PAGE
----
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Local and Regional Analgesic Techniques in Animals

By

Sandra Allweiler

, DVM, DACVAA, Department of Clinical Sciences, Carlson College of Veterinary Medicine, Oregon State University

Reviewed/Revised Mar 2023 | Modified Jun 2023
Topic Resources

Local and regional analgesic techniques are valued for their ability to decrease both intraoperative nociception and postoperative pain. They are recommended for use in the majority of surgical procedures and traumatic injuries.

Conduction blockade of nerve fibers by local anesthetics is related to the size of the nerve, amount of myelination, and frequency of activity. Small sensory and autonomic fibers tend to be anesthetized before larger motor and proprioceptive fibers. Nerves that are repetitively stimulated are more sensitive to local anesthetics than resting nerves. The most commonly used agents are lidocaine, mepivacaine, bupivacaine, and ropivacaine.

Lidocaine, the prototype aminoamide local anesthetic, systemically used (by continuous-rate infusion), decreases minimum alveolar concentration of isoflurane in a variety of species. It also has the potential to decrease ileus in horses after general anesthesia and is used commonly as an adjunct in colic surgery. This has become the theoretical basis for its systemic use as an analgesic agent.

Constant-rate infusion of lidocaine has been advocated for pain management in a number of species; notably, a number of combination analgesic protocols (eg, morphine, lidocaine, ketamine [known as MLK]) have been developed for dogs. The use of constant-rate infusion lidocaine during anesthesia is not recommended for cats because of their increased sensitivity and its negative cardiovascular effects. Also, see the Canine Morphine/Lidocaine/Ketamine (MLK) CRI Dose calculator.

Lidocaine transdermal patches have been developed for the treatment of neuropathic pain in humans. Systemic absorption of lidocaine in dogs and cats has been reported to be minimal, while local tissue concentration is reported to be as much as 100 times greater than plasma concentration. The low systemic absorption rate coupled with high local lidocaine concentrations on the skin support the safe use of lidocaine patches in dogs and cats. These patches appear to result in a differential blockade, preserving sensory function of the skin and motor function of regional muscles while inducing analgesia at the site for as long as 72 hours. However, further clinical efficacy studies are warranted. Patches must be applied close to the site of pain, and toxicity is a concern if the patch is orally ingested.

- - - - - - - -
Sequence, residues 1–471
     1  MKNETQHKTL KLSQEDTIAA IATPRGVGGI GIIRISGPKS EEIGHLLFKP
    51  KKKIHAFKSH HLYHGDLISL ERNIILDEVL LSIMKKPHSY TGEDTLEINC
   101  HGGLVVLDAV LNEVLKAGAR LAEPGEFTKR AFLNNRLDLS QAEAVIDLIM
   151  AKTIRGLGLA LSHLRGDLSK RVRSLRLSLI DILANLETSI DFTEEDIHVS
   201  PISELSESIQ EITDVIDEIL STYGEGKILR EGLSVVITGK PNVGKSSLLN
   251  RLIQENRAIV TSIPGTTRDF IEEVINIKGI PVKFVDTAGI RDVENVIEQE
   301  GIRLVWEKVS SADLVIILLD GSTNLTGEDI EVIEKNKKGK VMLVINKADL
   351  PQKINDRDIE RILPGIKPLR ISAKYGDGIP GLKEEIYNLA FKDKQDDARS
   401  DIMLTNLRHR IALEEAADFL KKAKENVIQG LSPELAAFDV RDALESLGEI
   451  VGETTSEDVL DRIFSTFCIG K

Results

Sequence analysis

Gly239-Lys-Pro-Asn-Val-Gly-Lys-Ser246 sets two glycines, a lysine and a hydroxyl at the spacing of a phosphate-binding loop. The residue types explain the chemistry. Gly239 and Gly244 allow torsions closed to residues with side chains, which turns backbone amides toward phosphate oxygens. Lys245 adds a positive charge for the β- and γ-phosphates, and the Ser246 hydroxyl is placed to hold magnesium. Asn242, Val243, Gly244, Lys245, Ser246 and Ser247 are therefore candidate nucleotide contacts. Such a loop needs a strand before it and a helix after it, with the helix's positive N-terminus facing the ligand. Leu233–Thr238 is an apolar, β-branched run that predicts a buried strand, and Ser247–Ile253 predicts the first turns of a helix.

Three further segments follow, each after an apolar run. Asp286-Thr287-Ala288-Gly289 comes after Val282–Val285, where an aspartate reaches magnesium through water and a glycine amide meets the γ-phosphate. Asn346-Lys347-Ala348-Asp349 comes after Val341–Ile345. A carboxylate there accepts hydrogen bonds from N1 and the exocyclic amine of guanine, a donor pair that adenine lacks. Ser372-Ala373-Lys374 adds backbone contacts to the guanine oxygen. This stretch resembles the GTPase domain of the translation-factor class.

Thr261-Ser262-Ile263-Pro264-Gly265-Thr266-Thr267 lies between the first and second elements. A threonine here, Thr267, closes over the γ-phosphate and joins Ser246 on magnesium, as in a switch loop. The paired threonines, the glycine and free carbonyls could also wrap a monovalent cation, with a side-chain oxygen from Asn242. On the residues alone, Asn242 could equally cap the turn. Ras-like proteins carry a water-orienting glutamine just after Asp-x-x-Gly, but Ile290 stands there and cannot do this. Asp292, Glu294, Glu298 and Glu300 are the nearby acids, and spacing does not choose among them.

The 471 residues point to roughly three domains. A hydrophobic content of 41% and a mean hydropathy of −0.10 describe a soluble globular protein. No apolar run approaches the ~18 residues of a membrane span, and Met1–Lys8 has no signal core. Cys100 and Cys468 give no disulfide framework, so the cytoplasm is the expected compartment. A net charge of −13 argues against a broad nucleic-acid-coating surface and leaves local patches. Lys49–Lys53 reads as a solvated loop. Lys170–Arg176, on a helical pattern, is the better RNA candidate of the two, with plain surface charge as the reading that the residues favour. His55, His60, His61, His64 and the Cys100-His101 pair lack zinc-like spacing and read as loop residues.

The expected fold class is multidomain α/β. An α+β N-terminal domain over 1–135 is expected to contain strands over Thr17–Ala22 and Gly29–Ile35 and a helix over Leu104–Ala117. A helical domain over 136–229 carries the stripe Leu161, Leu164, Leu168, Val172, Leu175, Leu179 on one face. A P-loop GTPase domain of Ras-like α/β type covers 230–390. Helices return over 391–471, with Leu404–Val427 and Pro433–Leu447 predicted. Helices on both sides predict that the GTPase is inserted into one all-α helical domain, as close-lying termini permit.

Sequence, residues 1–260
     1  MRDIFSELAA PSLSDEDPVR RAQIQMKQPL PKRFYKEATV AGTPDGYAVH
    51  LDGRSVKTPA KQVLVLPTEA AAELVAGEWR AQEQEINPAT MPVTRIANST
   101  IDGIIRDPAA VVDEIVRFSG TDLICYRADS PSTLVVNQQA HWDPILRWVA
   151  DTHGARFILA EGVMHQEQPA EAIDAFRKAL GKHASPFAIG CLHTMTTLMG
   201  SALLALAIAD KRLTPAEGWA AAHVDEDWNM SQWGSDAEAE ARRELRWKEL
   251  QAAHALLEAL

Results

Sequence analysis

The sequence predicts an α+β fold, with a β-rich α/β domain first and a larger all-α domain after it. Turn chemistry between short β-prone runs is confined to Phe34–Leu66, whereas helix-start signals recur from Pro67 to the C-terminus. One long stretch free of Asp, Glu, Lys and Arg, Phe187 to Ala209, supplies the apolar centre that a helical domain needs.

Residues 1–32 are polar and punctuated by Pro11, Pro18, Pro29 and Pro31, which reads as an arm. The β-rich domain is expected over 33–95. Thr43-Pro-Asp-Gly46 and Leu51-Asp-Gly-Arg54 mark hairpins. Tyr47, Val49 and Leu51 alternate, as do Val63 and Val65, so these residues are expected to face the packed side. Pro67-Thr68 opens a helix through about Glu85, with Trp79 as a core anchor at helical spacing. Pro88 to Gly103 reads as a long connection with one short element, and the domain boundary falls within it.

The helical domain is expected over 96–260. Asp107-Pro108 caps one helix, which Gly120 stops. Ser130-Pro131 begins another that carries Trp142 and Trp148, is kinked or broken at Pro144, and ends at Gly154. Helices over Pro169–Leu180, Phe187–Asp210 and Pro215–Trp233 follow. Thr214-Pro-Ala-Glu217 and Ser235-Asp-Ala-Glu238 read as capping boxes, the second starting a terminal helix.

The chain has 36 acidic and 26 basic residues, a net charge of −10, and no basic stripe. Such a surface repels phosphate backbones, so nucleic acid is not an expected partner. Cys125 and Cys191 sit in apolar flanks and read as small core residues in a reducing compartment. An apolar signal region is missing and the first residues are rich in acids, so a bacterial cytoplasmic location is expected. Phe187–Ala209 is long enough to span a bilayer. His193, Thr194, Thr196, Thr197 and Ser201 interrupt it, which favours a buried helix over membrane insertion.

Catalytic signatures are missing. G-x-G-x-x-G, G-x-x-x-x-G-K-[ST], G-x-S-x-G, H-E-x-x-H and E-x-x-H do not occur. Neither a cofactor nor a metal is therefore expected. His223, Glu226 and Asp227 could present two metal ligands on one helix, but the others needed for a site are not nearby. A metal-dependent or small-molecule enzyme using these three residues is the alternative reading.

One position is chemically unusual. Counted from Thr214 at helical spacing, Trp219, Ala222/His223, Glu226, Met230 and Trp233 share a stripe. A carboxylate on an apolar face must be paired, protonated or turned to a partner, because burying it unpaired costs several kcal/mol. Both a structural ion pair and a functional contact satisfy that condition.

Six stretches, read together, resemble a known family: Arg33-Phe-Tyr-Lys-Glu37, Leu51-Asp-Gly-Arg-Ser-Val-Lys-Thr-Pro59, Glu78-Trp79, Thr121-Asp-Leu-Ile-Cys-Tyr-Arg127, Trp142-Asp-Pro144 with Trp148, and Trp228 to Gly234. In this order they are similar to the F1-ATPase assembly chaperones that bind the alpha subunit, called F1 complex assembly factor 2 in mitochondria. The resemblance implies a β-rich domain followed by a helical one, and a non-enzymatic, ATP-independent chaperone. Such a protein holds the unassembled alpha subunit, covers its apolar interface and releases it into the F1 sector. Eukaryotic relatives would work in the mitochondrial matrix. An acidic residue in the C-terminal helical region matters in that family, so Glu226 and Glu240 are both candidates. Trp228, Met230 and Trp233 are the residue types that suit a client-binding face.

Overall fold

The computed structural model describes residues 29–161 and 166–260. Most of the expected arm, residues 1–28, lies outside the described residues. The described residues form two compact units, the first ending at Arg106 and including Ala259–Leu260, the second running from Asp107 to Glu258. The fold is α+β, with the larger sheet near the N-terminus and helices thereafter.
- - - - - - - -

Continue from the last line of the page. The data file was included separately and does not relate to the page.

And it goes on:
A eutectic 2.5% lidocaine and 2.5% prilocaine cream has been used to decrease venipuncture pain in children and evaluated for use in dogs, cats, rabbits, horses, and pigs. In order to be effective, the cream must be in place for 30 minutes beneath an occlusive dressing. Nonclinical methemoglobinemia, lasting as long as 24 hours, has been reported in children. Repeated dosing of neonatal or small animals should be done cautiously.

Bupivacaine is the preferred drug for postoperative analgesia because of its relatively long duration of action (~3–8 hours). Bupivacaine liposomal-encapsulated injectable suspension is approved for single-dose infiltration into the surgical site (but not intra-articularly). The liposomes release bupivacaine locally due to their relative large molecule size.

Ropivacaine is structurally similar to bupivacaine; but has less cardiotoxic side effects and causes less motor dysfunction.

Topical capsaicin, the active component in chili peppers, has been used extensively to treat pain associated with diabetic neuropathy, post-herpetic neuralgia, and osteoarthritis in humans. Capsaicin binds to the transient receptor potential vanilloid 1 (TRPV1) receptor on nonmyelinated primary afferent pain fibers, causing increased firing via the release of substance P. With repeat application, desensitization occurs due to degeneration of these pain fibers with resultant hypoalgesia. Reinnervation occurs when use is discontinued.

No controlled studies have been published in veterinary patients; however, one study using intrathecal resiniferatoxin, a potent analogue of capsaicin, reported encouraging results for palliative treatment of pain in a canine osteosarcoma model.(1 References Local and regional analgesic techniques are valued for their ability to decrease both intraoperative nociception and postoperative pain. They are recommended for use in the majority of surgical... read more , 2 References Local and regional analgesic techniques are valued for their ability to decrease both intraoperative nociception and postoperative pain. They are recommended for use in the majority of surgical... read more ) The benefits of these TRPV1 ligands include specific loss of pain sensation without concomitant loss of motor and nonpain sensation.

Also see the anesthetic drug calculator for dose by weight.

References

  • Iadarola MJ, Sapio MR, Raithel SJ, Mannes AJ, Brown DC. Long-term pain relief in canine osteoarthritis by a single intra-articular injection of resiniferatoxin, a potent TRPV1 agonist. Pain. 2018;159(10):2105-2114. doi: 10.1097/j.pain.0000000000001314. PMID: 30015705; PMCID: PMC8121156.

  • Brown DC, Agnello K, Iadarola MJ. Intrathecal resiniferatoxin in a dog model: efficacy in bone cancer pain. Pain. 2015;156(6):1018-1024. doi: 10.1097/j.pain.0000000000000115. PMID: 25659068; PMCID: PMC4431903.

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